PSYCHOTIC WALTZ - The God-Shaped Void

Psychotic Waltz - The God-Shaped Void

10 songs
52:54 minutes
***** ****


There are a few bands for everyone that had a formative experience on oneís budding musical tastes. Psychotic Waltz were one of those for me. Their debut album A Social Grace from 1990 had a huge impact on me during my late teenage years. Their brand of progressive metal somehow bridged the gap between the more technical genres of Watchtower and Mekong Delta, and the more melodic kind that was made popular by Dream Theater. The American quintetís follow-up Into The Everflow offered some more great prog metal, before the band turned to a more alternative metal sound with Mosquito and Bleeding, and then the band fell apart in 1997. Vocalist Buddy Lackey released a solo album in the mid-Nineties, and then relocated to Austria and rebranded himself as Devon Graves and released five quite good albums with Deadsoul Tribe in the first decade of the new millennium. In 2010 he tried his luck with yet another band, The Shadow Theory, but they one released one album. In 2011, Psychotic Waltz got back together, and I even got to see them once, which was one of the happiest days of my life. Since then they have been together, and started working on their comeback album seven years ago.

Many reunions can become disappointments, but it is obvious when listening to The God-Shaped Void that Psychotic Waltz, who are performing in their original line-up, donít want this to be just a late effort of no value. And yet, my first few times listening to the new songs left me somewhat clueless. The band is not as progressive / technical anymore as on the first two albums, but they do sound more focused than on their last two albums. I must also have helped that they hired producer Jens Bogren (Leprous, Haken) to give them a more updated sound that fits the times we are living in.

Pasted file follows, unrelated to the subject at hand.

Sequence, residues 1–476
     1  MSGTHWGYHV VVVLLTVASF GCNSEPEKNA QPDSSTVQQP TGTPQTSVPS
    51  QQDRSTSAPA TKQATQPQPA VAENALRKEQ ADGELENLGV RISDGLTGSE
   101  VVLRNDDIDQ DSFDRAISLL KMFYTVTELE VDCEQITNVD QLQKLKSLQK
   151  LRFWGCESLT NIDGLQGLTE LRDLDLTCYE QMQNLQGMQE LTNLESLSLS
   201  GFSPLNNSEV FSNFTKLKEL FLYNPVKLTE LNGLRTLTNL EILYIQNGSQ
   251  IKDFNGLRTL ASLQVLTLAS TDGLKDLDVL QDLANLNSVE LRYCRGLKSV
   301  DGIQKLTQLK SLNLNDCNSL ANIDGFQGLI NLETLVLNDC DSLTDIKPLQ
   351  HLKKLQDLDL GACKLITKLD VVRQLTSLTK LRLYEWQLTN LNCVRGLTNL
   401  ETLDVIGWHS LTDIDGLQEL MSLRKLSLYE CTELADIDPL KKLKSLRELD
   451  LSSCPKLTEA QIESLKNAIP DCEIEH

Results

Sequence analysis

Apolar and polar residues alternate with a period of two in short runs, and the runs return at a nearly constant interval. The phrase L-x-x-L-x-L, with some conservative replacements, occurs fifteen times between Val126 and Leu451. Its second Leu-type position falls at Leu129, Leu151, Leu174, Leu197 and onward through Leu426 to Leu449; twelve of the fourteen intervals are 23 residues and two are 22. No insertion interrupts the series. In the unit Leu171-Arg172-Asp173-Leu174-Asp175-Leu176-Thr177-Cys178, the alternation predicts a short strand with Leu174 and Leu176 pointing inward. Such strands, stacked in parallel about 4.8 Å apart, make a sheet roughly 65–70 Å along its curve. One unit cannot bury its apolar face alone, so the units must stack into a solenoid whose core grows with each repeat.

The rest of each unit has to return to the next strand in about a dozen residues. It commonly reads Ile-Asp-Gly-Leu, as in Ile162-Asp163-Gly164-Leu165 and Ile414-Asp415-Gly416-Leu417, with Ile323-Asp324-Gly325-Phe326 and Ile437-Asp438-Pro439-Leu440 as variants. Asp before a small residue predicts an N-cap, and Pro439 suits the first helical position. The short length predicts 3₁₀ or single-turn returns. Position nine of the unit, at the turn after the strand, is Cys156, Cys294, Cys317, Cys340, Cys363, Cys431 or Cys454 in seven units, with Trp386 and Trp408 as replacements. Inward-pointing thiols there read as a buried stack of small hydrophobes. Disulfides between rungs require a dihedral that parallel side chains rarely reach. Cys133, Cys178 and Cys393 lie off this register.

The album starts with Devils And Angels, a six and a half minute long track that begins with an intro, before surprising with a rather doomy guitar sound, followed by chugging guitar riffs and a Devon Graves whose voice has turned to lower registers over the years, not really astonishing as the musicians must all be in their fifties by now. The catchy chorus not only invites to sing along, but also proves that the higher notes are still possible for this gifted vocalist. The next three tracks are shorter, and remind structurally of the bandís later albums, but the songwriting is more mature, with Graves delivering memorable choruses also on these more concise pieces. The remaining material sees the band indulging themselves with longer structures, and itís here where you will find their best material. The Fallen starts as a ballad, reminding a little on their Łber-ballad I Remember from their debut. While The Spiders Spin is a more complex track that may not have the intricate instrumentation from their early material, but still great guitar work from the tandem consisting of Brian McAlpin and Dan Rock and a totally unforeseeable structure. Pull The String is more straightforward with a really dark sounding chorus. The same goes for Demystified that shows how much work the band has put into songs that are memorable and demanding at the same time. My personal favourite is Sisters Of The Dawn that really got under my skin, and at nearly seven minutes the longest song on the album.

At first I though Iíd give The God-Shaped Void only six or seven points, but repeated listening convinced me otherwise. It is not A Social Grace, but I would put it on the same level as Into The Everflow. You have to give it some time, itís not one of those overly accessible albums that reveal everything the first time around. But once youíre hooked, there is no going back. Itís an album from a band the used to released albums in a time when people were still willing to spend a lot of time with a newly acquired record. Welcome back, Psychotic Waltz, and I hope that you will stay with us for a couple more years.

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